Madeira to Canaries

Wed 12 Nov 2008 17:41

Position 30:55.433N 016:12.593W

Wednesday November 12th


Wind NE Force 8-9

Sea State 3-4M

Visibility Good

Heading 177 T°

Under: 3 Reefs in Main and Reefed Genoa

Speed 5.9 Kts


Left Quenta Do Lorde Marina after refueling at 10h04.

Michael and Tony on Blue Tarn have left about 1 hour before us also headed for Las Palmas. We have exchanged Sat Phone Numbers and agreed to stay in touch on the trip. They are testing some equipment before heading south so we hope to catch up with them.


10h33 Engine off

As we out to see Ursula is sleepy so we decide to start our watches immediately and she takes her three hours break. Blue Tarn are about 2 miles ahead. They have spent a lot of time setting up their downwind rig which seems complicated and they hope to test it on this trip. I wonder how they will manage as I see them of the Islas Desertas as the wind is very much easterly and I don’t think that rig can cope with wind on the beam.


I called them up on VHF and they have been motoring and are now setting sail. Michael is worried also about making south and they are turning eastward for the moment and hoping for the wind to shift north as predicted. Maybe they will get to St Lucia before any of us.


Meanwhile Chez Nous I am on deck rigging the pole and just off our bow I hear a hollow sound like truk air brakes very close. It startles me and as I look to port two pilot whales come up to wish us a safe passage and cross our bow 3m off. Of course they are gone by the time I get the camera.


The duogen is vibrating a lot maybe due to resistance as batteries are fully charged. I hope at least. Must monitor our power situation carefully this trip as it is our last before turning east from Gran Canaria for St. Lucia.


Wind has been steadily building since we left from 4 steadily to 8 and prolonged gusts 9 from a North Easterly direction. The forecast was 17-20 kts and we have double that. With just the two of us on a long passage I don’t really like being out in this as its easy to become fatigued, sleep is more difficult obviously but more tiring still is the domestics and moving around below. The irregularity of the motion is the problem. If you were inside a cocktail you could get used to the rhythm and could plan your next step or hand hold, know when exactly to lift your leg to fit your oilskin trousers. This sea state is chaotic and abrupt and leaves little space for anticipation especially in the dark.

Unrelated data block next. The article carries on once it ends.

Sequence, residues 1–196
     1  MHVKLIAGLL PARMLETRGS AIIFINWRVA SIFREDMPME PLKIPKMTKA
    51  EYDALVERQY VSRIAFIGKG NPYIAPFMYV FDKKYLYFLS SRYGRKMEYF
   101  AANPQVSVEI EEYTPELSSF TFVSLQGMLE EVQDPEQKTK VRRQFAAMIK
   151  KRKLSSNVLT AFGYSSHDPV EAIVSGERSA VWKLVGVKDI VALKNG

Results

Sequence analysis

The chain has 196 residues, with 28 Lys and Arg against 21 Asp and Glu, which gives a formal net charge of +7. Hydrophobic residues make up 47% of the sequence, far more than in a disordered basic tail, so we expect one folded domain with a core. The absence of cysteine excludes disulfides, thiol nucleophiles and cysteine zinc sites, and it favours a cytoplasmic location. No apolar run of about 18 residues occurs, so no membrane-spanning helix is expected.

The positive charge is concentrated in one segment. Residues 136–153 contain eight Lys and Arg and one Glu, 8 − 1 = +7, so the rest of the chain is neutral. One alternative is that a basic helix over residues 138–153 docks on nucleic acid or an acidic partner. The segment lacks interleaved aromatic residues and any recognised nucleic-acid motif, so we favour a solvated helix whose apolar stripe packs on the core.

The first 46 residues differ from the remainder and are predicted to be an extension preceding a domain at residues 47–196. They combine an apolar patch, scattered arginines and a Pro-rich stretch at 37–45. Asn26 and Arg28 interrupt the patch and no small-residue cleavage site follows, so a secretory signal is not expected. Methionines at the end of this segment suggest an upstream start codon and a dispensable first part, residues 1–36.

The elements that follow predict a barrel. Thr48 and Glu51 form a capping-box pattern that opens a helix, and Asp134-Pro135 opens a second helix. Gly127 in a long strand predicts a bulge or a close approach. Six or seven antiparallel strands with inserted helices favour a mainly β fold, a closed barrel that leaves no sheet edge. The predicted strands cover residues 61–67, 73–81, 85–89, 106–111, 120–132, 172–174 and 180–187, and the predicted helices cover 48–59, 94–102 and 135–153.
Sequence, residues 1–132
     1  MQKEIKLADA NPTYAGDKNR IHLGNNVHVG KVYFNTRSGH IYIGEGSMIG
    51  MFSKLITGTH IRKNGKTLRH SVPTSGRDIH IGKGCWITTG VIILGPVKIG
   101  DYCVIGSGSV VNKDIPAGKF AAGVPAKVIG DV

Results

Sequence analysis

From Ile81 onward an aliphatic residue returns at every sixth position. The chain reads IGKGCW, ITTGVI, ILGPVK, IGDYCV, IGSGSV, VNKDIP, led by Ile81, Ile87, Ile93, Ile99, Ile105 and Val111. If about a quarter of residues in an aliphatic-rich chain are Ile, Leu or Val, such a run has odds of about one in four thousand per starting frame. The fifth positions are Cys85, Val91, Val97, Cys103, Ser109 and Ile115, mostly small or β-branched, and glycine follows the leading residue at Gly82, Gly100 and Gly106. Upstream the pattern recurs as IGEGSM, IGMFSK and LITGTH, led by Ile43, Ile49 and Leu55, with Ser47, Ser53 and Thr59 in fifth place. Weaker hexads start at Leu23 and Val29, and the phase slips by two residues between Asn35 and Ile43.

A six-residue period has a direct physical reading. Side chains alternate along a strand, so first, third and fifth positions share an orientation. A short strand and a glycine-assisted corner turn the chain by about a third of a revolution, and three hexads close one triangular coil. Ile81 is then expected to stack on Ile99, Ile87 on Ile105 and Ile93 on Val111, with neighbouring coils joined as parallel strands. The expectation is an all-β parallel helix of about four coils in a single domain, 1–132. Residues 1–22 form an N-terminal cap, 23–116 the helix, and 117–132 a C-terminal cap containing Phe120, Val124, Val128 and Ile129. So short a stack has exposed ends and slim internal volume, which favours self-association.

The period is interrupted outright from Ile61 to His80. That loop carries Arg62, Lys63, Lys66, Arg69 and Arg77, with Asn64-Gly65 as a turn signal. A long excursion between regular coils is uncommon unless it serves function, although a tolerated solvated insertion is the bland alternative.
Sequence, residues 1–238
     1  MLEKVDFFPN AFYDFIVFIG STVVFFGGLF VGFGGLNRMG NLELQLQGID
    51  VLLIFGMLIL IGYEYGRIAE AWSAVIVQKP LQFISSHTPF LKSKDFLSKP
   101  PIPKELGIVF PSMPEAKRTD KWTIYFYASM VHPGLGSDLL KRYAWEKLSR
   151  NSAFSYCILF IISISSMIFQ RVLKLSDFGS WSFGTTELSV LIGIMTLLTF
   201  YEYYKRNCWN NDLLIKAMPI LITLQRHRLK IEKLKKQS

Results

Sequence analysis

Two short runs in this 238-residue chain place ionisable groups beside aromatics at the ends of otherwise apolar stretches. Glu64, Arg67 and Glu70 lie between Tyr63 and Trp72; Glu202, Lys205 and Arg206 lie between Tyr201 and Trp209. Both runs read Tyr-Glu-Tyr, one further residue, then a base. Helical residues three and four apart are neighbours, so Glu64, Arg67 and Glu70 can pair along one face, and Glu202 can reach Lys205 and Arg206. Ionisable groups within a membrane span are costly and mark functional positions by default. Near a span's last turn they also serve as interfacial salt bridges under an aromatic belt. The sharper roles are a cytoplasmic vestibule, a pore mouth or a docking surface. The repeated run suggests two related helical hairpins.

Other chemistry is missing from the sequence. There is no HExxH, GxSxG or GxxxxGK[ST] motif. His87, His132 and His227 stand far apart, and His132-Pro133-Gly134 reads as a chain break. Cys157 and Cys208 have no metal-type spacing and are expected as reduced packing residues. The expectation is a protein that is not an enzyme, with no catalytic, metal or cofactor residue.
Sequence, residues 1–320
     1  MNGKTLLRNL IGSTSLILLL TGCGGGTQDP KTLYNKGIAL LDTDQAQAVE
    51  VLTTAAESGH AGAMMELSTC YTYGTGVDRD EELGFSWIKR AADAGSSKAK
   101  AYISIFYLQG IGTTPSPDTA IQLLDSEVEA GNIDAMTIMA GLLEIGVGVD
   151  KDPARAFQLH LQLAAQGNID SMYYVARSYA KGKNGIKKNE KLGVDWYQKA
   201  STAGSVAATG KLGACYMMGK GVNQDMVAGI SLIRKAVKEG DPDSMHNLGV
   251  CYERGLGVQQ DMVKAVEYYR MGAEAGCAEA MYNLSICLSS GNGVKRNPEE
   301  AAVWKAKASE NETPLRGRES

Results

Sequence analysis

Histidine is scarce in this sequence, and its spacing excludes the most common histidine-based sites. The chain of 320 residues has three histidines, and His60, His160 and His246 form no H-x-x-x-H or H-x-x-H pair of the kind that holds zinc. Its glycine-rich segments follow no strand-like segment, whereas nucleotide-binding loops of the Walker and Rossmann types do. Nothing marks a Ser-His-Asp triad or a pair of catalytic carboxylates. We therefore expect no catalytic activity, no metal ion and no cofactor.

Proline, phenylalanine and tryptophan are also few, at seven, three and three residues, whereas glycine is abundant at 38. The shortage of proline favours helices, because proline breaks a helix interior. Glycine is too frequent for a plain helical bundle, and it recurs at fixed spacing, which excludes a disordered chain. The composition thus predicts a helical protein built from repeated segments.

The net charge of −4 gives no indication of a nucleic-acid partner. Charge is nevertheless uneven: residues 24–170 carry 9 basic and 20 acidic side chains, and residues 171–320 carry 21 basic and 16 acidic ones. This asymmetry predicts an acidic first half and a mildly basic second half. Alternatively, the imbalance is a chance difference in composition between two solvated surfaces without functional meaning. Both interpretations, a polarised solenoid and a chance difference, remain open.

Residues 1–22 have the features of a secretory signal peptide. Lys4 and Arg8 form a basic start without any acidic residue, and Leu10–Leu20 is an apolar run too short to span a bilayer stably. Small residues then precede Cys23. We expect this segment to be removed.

On deck the waves are like barking dogs over a wooden fence. The foamy snarls and white teeth indicate the desire to bite. Experience tells you to pass that fence with confidence but are never quite sure if this particular dog can clear it. The odd wave does clear the sides but when they bite they are not cold.


Looks like this weather is going to keep up. We have reefed heavily and slowed the boat so we can have a more comfortable nights sleep. This means we will not reach Salvagem Islands in daylight and so alter course to pass West of them rather than between. Salvagem comes from the word salvage, we will leave them 12 miles to port.



Have just had communication with Blue Tarn (VHF 08). They are not far behind us, maybe 10 miles. After a long dog leg to the East they decided to pack up the new rig and are now coming back onto a southerly course. Good to hear friends at sea.


Island lighthouse barely visible and we round and make a course of 157 before I turn in. Nap till ten. Lentils and chorizo, then back on deck.





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